Do you think the Russian economy will ever become less reliant on oil and gas?

Not for a long time. Make no mistake, Russia is just a colder-climate version of Saudi Arabia. Some 72 percent of its export earnings comes from oil and gas. While I think Russia has the capacity to diversify away from energy because it has an educated workforce, I wouldn’t want to see the government waste money in an attempt to diversify the economy right now and just see the money get stolen. That is the likely outcome in today’s Russia.”

What is the biggest challenge facing Russia?

The single greatest challenge that Russia faces is creating institutions that abide by the rule of law. Russia is still extremely undervalued on an asset basis, but the question of whether it gets to fair value or not will depend on whether there is an effective implementation of a real court system, with checks and balances so that bureaucrats can’t abuse their power. And it’s hard to say whether that will happen. That’s the big challenge, and that’s the thing to watch. And if it does happen, then we will have a predictable country with high and boring valuations. But if it doesn’t, then Russia will be under a black cloud of discounted assets for a long time.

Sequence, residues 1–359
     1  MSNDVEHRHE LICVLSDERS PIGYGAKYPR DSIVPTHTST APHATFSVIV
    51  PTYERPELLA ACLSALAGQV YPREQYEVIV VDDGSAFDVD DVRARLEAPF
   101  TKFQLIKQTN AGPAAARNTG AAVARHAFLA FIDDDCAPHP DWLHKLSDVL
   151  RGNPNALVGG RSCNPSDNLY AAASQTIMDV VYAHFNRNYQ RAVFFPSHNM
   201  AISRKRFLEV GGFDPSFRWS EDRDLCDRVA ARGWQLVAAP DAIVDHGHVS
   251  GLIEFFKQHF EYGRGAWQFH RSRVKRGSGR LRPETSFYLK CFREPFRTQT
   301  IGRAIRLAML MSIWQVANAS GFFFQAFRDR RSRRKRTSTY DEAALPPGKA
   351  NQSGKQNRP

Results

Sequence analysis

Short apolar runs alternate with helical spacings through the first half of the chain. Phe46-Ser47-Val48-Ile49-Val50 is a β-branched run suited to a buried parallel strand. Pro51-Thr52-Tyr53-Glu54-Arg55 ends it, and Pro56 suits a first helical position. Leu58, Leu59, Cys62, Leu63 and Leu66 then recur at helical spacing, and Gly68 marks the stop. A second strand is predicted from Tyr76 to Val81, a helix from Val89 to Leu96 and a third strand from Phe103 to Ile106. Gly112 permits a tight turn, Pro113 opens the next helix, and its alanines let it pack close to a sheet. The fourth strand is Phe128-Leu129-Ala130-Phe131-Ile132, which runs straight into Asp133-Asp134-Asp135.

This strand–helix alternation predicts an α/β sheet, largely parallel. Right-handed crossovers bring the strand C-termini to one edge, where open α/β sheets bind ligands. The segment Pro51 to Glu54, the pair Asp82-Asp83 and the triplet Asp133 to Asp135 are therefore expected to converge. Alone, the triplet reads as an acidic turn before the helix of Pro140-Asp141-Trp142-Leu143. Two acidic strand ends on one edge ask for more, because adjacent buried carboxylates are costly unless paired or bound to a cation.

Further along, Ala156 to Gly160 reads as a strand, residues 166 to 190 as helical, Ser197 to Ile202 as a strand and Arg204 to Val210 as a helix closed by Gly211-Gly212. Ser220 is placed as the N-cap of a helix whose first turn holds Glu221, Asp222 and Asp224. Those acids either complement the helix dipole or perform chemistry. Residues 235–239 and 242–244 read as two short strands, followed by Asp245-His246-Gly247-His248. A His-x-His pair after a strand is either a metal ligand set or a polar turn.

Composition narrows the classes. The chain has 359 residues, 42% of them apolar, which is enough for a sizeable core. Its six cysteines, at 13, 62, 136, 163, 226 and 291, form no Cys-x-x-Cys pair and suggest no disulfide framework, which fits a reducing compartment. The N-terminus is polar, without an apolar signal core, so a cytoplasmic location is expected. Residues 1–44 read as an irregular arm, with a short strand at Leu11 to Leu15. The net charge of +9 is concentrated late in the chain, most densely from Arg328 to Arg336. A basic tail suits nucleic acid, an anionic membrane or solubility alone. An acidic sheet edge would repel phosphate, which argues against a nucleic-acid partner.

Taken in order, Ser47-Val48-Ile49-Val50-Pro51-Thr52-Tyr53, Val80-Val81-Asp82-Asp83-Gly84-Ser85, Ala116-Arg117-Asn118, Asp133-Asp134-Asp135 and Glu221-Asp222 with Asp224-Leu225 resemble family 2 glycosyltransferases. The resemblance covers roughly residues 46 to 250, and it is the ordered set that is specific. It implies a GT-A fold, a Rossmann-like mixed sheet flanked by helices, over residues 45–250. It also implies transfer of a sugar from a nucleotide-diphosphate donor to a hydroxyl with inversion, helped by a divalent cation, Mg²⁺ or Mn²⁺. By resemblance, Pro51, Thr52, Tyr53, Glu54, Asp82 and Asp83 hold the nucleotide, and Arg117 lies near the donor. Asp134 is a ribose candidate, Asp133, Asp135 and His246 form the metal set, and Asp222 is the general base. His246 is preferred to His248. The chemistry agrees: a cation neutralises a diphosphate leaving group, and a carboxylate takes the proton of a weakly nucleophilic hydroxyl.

Should your experience make other managers think twice before investing in Russia?

Well, people are motivated by money, so I doubt this has slowed anyone down because everyone is making so much money right now. But I’m sure that my situation makes every foreign businessperson’s heart beat a little faster as they’re passing through passport control in Moscow. I think I’ve been a friend to Russia, and this is no way to treat a friend.

Do you want to go back to Russia?

Yes, as soon as they let me. I’ve adopted Russia as my own country. It’s the place where I’ve built my business, and I love it there. This problem will be resolved, and as soon as it is, I’ll be back.